Kids have a habit of following in the footsteps of their parents since that is where they learn the most from. So, if parents can set the right example for our kids to make learning a positive experience, they will grow up with the same values. Understanding the value of time, working hard and completing your chores – these are just a few ways that you can show your child the true meaning of hardwork and dedication to your work!
The same logic applies to homework as well. As a role model, if parents can show their kids that doing their homework is a good learning experience, then more kids will be enthusiastic in doing their homework and learning new concepts by themselves. Many parents use imaginary stories to make homework interesting at the beginning, so children can complete their homework happily. In our last blog, we covered the 2 R’s of the “2 rupees 3 paisa” concept. This time, we take you through the 3 P’s of the same concept.
1. Praise (P #1):
Praise your child for doing his homework instead of rewarding him!
There are many parents who confuse praises with rewards. The key is to motivate your child with praises, instead of offering them rewards for every job well done. If you verbally praise your child for their hard work, they will remember it and feel good about it. Later when they grow up, they will strive to work hard in their life to feel the same way they did when they were children and did a good job.
However, when you offer them rewards, they stop doing homework for the joy of it, and instead do it for the reward itself. So when they grow up, they will carry on the same behavior into their lives, i.e., they will need incentives to perform every task well. Without the right incentive, they will just not be motivated to give their best shot to any challenge, putting them at a huge disadvantage.
2. Power of Choice (P #2):
When your child does his homework on time, let him choose how to spend his time!
The second P in this concept is the power of choice, and with it, the power of consequence. If your child regularly does his homework and finishes it within the time lot provided for it, you can discuss with your child about how is it that they want to spend their time now that their ‘study time’ is completed. By giving children the power of choice, you are showing them that their choices are as important as yours, especially when they are being responsible and doing their homework. Next time your kid comes to you and tells you their homework is done, check it for mistakes, and later allow your child to choose how he wants to spend his free time, instead of forcing him to do something else, even if it is co-curricular activities.
Just like you give the power of choice to your children, make them aware of the power of consequence. Let them know that not doing their homework will have consequences, and explain it to them well. If in a week’s worth of homework, a few assignments are not done at all, or not submitted on time, tell your children that since they have not completed their homework as it was supposed to be done, they would now be facing the power of consequence. Their consequences could be anything from limited play time to zero TV time – anything that will help them realize that their actions (such as not doing their homework) have consequences (such as no TV for a week). This allows children to build a sense of responsibility in themselves, since they will have first-hand experience of the consequences of their actions.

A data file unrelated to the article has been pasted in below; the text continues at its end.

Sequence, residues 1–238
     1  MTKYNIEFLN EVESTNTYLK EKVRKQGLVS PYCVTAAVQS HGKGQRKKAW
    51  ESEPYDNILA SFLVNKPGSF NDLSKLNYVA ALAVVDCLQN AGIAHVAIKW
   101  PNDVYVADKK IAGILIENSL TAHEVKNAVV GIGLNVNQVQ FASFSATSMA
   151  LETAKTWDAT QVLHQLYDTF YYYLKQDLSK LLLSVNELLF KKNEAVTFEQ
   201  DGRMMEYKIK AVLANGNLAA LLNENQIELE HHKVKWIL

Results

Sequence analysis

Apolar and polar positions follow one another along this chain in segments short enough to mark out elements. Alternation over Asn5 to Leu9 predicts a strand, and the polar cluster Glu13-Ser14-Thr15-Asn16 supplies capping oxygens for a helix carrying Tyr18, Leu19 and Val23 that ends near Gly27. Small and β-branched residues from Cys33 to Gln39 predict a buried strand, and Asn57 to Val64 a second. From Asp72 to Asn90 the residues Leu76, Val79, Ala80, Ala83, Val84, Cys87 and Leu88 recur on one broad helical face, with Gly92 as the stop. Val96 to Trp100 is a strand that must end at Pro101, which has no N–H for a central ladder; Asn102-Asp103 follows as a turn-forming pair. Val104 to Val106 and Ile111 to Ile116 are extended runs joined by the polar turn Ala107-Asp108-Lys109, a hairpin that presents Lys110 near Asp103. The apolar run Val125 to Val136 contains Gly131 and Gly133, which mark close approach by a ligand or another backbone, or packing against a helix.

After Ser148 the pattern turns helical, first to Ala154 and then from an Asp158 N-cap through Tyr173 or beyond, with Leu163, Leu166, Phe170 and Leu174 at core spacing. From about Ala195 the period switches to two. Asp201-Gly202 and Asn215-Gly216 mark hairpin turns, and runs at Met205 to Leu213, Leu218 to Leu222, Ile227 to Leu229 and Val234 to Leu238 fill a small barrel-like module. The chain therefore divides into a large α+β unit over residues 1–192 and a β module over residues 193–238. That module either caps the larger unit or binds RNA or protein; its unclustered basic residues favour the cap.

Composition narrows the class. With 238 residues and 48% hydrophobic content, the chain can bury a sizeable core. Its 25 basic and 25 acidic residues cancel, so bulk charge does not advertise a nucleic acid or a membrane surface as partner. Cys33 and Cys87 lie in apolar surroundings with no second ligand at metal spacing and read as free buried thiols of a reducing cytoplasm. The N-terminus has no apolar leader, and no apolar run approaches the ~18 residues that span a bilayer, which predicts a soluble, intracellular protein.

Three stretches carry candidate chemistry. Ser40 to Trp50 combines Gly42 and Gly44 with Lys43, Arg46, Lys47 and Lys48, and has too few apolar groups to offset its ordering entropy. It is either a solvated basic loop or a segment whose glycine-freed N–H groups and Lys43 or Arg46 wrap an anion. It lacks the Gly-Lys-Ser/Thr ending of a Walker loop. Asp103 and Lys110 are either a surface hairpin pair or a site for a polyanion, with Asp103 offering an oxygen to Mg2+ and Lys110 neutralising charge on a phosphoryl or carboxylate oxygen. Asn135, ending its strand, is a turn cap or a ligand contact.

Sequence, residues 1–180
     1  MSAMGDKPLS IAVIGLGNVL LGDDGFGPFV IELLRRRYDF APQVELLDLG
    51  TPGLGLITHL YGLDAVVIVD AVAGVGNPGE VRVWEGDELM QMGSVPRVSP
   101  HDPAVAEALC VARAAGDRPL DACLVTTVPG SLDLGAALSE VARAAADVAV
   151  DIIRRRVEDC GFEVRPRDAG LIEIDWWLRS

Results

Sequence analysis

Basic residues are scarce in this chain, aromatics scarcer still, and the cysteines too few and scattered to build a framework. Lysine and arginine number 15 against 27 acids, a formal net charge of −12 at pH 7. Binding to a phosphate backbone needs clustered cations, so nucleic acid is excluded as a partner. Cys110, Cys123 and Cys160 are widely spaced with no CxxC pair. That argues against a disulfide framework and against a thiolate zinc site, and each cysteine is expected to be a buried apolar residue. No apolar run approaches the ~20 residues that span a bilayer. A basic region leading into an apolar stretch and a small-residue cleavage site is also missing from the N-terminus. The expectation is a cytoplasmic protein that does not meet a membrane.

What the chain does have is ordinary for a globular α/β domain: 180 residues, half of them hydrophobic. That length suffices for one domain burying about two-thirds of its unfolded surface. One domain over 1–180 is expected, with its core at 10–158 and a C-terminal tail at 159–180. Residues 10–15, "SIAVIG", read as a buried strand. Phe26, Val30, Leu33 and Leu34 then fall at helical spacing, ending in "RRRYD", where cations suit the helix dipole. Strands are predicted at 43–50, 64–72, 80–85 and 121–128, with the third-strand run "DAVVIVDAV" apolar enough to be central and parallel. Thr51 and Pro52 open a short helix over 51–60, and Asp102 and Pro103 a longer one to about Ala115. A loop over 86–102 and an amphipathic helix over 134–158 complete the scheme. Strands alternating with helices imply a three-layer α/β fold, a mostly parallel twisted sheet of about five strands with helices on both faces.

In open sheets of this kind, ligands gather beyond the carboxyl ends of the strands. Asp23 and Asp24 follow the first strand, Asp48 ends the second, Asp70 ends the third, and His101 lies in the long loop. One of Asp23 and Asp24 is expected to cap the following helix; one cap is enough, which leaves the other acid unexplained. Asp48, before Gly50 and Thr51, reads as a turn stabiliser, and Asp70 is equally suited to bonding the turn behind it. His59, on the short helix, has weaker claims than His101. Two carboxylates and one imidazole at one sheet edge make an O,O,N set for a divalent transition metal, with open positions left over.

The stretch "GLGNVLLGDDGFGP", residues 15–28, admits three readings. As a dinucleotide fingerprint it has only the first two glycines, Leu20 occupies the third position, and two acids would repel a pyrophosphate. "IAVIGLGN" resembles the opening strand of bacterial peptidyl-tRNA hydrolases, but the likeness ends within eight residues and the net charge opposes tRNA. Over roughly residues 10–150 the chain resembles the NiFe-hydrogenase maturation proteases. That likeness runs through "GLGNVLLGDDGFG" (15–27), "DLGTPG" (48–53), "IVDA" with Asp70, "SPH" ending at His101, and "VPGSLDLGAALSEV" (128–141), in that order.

3. Patience (P #3):
Remember to be patient while your child does her homework!
This last P is equally important for parents, and children. Just like children need to learn the virtue of patience to deal with the challenges of life later on, parents need to remember and teach the virtue of patience while sitting with their children for homework. With so many tasks piling up in your house, it is easy to imagine how you might get a little anxious and impatient for your child to finish their homework so you can check it and start your other chores. But for your child, this is a very new concept that they are trying to learn and understand by themselves for the first time. It is obvious that they may need more time than what parents are willing to give.
By complaining out loud about the time your child is taking to finish their homework, you are letting them know that their hard work is not as valuable as finishing the work on time using any methods available. Always remember that your priority is your child and his learning, but not his homework. Therefore, everything you do should be to ensure that your child is having a good time while learning new and exciting things.
Ask your child what he did at school every day, and if he got any homework that needs to be solved. When he tells you about his homework, respond with enthusiasm and interest instead of anxiety and anger. Ask your child to do the difficult part of his homework first, so that he can do the easy part later when he gets tired. You can also give him unique tips to remember spellings and form new words. After all, only parents know what works best for them and their children!